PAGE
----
• Coverage of end-to-end payment ecosystem
  • Stringent controls

A Closer Look at the New Requirements

The PCI DSS v4.0 includes a host of new requirements, 64 to be specific, that are applicable to all entities or in some instances, to service providers only. These new requirements are either effective immediately for all PCI DSS v4.0 assessments or will serve as best practices until March 2025, after which they become effective. The key changes that might have significant impact are listed below:

  • Requirement 1 now focusses on Network Security Controls rather than Firewalls/Routers – making it more adaptable to Clouds or Zero Trust based security architecture etc. (to support a broader range of technologies used to meet the security objectives traditionally met by firewalls)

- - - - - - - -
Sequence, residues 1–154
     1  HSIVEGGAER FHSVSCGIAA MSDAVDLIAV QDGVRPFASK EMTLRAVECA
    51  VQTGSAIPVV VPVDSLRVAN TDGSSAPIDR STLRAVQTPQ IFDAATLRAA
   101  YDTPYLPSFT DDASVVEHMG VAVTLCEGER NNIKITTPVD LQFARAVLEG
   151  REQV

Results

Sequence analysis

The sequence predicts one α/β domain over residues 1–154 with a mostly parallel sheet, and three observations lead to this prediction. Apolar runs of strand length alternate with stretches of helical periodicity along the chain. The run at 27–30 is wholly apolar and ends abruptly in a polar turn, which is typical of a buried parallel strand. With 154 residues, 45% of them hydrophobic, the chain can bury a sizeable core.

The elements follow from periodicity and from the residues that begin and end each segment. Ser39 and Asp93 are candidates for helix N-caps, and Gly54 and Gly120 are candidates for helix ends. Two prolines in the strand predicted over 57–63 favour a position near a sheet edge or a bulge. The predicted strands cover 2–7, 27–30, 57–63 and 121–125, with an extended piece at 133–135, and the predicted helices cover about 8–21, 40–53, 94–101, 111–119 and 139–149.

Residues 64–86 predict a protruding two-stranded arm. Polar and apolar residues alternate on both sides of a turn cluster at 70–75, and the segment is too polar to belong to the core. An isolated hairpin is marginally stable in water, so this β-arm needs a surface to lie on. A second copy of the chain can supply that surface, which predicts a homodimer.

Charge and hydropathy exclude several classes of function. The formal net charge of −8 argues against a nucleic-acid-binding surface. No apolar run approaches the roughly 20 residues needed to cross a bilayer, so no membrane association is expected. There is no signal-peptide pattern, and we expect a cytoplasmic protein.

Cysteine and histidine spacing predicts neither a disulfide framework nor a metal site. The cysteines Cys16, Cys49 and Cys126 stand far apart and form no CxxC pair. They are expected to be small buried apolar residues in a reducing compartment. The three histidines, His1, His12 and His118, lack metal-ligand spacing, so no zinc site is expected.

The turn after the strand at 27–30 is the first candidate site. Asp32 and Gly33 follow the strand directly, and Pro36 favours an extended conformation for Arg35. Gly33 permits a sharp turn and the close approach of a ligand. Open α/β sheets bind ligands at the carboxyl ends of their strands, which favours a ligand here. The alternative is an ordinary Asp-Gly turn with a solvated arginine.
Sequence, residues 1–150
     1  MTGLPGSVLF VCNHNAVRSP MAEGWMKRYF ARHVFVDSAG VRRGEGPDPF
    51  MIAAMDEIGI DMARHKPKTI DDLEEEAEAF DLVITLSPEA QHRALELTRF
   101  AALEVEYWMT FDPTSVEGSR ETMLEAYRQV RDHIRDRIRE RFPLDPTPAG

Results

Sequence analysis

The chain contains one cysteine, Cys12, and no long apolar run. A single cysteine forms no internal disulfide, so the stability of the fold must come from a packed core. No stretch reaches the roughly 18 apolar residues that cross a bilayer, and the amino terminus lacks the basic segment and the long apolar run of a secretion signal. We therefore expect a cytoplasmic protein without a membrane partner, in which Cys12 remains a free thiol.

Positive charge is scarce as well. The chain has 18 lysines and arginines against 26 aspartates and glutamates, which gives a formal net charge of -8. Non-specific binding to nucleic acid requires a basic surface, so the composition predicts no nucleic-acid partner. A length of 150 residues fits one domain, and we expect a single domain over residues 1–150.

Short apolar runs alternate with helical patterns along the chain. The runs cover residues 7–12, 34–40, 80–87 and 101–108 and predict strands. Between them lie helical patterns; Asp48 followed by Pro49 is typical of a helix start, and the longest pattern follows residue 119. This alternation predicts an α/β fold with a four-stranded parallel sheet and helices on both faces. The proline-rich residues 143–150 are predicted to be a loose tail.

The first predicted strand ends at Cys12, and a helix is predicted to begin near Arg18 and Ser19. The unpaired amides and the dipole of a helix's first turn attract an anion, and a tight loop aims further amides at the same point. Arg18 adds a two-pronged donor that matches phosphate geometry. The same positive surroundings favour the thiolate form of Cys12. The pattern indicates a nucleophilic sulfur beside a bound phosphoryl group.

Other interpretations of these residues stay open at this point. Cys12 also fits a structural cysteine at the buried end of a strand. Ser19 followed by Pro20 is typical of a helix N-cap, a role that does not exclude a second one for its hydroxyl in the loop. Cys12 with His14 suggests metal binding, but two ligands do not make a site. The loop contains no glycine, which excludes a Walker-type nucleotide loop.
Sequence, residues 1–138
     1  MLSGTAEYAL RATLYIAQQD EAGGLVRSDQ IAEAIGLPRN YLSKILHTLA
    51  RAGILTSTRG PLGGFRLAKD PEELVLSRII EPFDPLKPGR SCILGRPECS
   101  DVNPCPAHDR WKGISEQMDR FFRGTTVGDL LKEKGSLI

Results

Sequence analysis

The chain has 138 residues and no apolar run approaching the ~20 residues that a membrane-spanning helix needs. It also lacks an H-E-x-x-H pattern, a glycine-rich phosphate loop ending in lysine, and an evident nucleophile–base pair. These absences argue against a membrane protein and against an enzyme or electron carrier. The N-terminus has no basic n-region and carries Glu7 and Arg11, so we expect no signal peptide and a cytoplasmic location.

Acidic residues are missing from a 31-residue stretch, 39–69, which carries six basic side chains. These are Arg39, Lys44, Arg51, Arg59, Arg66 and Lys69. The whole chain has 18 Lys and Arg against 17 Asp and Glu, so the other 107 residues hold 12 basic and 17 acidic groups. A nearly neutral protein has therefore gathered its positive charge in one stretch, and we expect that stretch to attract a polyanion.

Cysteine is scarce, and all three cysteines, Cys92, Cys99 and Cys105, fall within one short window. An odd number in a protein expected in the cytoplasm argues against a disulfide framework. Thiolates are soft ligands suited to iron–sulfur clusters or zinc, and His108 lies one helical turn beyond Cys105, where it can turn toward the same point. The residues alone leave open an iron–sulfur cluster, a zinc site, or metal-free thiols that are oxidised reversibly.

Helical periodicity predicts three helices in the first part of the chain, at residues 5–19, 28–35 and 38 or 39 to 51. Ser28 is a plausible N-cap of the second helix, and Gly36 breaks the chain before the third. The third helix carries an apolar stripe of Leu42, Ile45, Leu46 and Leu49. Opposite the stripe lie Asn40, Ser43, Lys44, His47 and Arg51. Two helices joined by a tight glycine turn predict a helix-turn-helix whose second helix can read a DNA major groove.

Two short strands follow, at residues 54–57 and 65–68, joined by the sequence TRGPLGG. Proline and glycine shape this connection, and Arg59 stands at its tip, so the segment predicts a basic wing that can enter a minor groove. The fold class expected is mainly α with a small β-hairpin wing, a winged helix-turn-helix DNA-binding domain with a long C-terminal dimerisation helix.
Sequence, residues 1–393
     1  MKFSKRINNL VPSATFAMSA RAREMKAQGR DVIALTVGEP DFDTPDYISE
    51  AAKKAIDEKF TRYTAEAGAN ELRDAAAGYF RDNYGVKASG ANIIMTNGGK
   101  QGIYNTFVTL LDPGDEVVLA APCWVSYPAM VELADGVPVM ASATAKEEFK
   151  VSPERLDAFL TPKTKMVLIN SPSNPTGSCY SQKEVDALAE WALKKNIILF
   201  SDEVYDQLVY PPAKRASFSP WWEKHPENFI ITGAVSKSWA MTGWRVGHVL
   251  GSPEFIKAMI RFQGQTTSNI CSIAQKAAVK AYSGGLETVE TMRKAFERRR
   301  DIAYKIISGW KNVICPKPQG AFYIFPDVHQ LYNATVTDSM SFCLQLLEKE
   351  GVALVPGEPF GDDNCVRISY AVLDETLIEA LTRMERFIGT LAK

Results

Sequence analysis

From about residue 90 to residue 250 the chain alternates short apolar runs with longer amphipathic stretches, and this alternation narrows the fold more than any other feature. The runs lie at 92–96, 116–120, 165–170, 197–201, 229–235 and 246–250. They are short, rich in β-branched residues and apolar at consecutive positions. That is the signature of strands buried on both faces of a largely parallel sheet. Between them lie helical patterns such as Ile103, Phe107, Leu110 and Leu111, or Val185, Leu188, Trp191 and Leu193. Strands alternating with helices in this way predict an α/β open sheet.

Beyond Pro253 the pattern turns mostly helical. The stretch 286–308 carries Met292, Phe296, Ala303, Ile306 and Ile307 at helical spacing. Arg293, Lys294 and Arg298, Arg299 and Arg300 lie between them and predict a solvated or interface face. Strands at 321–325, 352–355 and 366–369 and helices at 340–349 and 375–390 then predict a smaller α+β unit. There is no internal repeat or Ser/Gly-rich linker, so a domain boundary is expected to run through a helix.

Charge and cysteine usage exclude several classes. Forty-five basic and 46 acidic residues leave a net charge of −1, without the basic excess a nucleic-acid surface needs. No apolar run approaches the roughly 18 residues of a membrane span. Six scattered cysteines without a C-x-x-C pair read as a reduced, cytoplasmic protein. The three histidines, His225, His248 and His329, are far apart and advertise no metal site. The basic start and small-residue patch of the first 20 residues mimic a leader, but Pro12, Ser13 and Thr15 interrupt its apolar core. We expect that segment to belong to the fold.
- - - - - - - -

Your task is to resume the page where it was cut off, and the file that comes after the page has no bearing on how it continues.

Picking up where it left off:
• Requirement 3 addresses security requirements of Pre-Authorized Sensitive Authentication Data (SAD) and requires encryption and implementation of data retention policies, procedures and processes. With the change in BIN range, PCI has addressed the challenge of data masking by allowing for display of BIN Range + Last 4 Digits.
  • Requirement 4 allows confirming the certificates used for PAN transmissions over open, public networks such as TLS etc. are valid and are not expired or revoked, while also requiring organizations to maintain an inventory of trusted keys and certificates.
  • Requirement 5 requires defining the frequency of periodic evaluations of system components not at risk for malware in the entity’s targeted risk analysis. System components not requiring anti-malware shall be revaluated as per the frequency set under an organization’s Risk Management Program. It also covers detection and protection against Phishing attacks.